The Woodcock Network

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Patron ~ The Duke of Northumberland, DL, MRICS

Scientific Advisor ~ Dr Andrew Hoodless, Game & Wildlife Conservation Trust

Veterinary Advisor ~ John Chitty, BVetMed, CertZooMed, CBiol, MIBiol, MRCVS

Veterinary Advisor ~ Chris Davis, BVM&S, MRCVS

Director ~ Owen Williams

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Winter 2011/12

The season started early with Tony Cross ringing our first woodcock of the winter in Powys, Wales on October 15th. By early November many of our ringers were reporting a steady increase in woodcock numbers on their sites. Normally we encounter a high number of juveniles for the first two or three weeks of ringing. However as we progressed into late November it became apparent that the ratio of juveniles to adults remained higher than normal. It was also becoming clear that the overall number of woodcock on our sites was around 60% of normal. This was also the case in France where they were also noticing high numbers of juveniles

This winter was very unusual in that conditions remained exceptionally mild across most of Western Europe. Our ringing colleagues in Russia were still catching woodcock into the early weeks of December when normally by this time much of the country would be covered in deep snow and woodcock would have migrated far to the west.

Then in Late January conditions changed when extreme wintery conditions pushed south and west to most of Europe including the UK. By early February large numbers of woodcock were reported passing through Holland and arriving on our east coast. At the same time several of our ringers reported catch higher number of adults appearing on their sites.

We will never know exactly what occurred this winter, but many are speculating that adult woodcock having previous winter experience decided not to migrate until the weather forced them, whereas the juveniles flew south and west earlier driven by an innate drive to migrate.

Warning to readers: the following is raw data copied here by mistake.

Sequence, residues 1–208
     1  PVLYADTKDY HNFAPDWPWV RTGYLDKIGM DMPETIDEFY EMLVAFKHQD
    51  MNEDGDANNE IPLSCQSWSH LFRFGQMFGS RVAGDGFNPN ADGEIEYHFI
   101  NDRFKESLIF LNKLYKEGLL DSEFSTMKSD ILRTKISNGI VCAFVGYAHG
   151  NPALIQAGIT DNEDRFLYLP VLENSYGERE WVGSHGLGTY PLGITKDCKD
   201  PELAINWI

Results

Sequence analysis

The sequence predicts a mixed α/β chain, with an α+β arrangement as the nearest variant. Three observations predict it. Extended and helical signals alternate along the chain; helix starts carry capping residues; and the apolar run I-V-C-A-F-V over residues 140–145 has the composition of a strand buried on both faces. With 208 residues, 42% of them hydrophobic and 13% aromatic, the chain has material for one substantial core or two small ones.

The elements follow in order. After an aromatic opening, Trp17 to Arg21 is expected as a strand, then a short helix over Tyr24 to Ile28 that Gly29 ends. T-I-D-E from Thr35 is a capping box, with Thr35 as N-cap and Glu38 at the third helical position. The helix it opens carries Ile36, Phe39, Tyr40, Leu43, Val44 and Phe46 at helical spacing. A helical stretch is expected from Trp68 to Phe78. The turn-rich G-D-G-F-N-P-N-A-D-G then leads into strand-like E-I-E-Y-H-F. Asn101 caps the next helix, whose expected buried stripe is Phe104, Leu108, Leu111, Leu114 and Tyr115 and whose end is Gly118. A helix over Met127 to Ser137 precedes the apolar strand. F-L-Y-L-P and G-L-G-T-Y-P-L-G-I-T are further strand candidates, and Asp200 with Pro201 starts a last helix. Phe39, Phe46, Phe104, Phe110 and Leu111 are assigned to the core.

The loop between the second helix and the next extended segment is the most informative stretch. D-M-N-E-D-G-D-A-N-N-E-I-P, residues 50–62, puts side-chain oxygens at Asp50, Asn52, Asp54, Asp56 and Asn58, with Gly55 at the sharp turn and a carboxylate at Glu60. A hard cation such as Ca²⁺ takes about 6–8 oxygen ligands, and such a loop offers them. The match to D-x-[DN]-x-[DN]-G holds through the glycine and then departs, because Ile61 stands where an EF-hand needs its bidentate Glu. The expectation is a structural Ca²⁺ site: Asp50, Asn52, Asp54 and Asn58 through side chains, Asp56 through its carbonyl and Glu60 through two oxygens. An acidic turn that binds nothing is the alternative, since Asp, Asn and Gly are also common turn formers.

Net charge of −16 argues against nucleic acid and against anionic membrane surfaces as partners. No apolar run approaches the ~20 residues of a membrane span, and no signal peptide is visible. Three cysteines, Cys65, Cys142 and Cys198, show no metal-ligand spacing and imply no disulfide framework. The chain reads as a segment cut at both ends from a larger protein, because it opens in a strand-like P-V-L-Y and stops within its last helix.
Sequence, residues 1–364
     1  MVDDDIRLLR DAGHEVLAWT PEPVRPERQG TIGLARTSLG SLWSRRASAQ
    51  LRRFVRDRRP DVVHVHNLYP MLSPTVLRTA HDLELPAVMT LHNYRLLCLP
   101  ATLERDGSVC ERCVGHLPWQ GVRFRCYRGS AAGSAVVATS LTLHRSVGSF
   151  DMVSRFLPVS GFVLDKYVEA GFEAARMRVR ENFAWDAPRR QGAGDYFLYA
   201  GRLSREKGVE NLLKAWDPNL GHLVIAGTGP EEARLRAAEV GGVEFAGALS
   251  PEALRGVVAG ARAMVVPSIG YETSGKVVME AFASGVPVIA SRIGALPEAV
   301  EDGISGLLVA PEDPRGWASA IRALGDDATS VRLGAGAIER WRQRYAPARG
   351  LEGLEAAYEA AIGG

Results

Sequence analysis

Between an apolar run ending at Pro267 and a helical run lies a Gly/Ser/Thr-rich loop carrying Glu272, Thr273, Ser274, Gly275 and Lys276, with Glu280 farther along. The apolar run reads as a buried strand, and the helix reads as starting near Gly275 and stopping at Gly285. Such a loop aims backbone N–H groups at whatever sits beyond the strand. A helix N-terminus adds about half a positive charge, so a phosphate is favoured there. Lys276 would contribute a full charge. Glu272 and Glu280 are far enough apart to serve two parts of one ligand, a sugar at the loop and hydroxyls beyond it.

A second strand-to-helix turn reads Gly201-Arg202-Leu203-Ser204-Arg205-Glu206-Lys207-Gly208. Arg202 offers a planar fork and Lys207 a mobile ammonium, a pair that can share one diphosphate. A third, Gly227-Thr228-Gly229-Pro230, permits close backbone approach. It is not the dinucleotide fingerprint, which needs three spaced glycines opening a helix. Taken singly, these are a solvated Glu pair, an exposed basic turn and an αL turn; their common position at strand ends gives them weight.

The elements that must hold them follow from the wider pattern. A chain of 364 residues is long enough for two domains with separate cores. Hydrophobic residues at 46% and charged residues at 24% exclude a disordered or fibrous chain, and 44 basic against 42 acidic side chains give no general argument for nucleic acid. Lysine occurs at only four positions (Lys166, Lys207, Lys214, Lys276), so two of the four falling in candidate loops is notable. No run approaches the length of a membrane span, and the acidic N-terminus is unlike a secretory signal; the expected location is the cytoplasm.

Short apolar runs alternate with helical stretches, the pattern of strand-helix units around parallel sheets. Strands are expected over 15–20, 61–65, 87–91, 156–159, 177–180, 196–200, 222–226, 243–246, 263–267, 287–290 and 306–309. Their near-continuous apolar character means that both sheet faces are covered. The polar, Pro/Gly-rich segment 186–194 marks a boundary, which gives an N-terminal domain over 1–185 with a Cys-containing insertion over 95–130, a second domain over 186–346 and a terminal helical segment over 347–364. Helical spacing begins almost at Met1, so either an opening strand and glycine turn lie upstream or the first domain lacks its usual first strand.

Despite having fewer woodcock to catch on our sites the Network did well in managing to ring the highest number ever in the UK with 1146 new birds and re-trapping a further 130. This total represents over 10% of the number of woodcock ringed since 1903.

We were pleased to see several new ringers joining our efforts this winter and we now have 27 working on sites from Jersey to the North of Scotland. Several more are planning to join us next winter and so we are optimistic that we will continue to increase the number of woodcock ringed in the coming years.

This winter the Network bought and fitted 10 geo-locators on a site in West Wales and assisted The Game and Wildlife Conservation Trust (GWCT) by fitting a further 10 to woodcock in Pembrokeshire, these are some of a total of 53 fitted this winter across the country and we hope to re-trap some of these birds in the next few years and download the data to find out the details of their migration.

We were also involved in a GWCT satellite tagging project with myself, Tony Cross, and Terence Lambert fitting two tags on bird here in Wales. These were two of a total of twelve being fitted to woodcock across the country as a part of a study into woodcock migration that can be followed via the Woodcock Watch link.

We now have a very successful facebook page with 735 followers. This is proving to be a valuable point of contact for anyone interested in woodcock.

I would like to take this opportunity to thank all our dedicated ringers whose hard work through the dark and wet winter nights have made such great progress possible.


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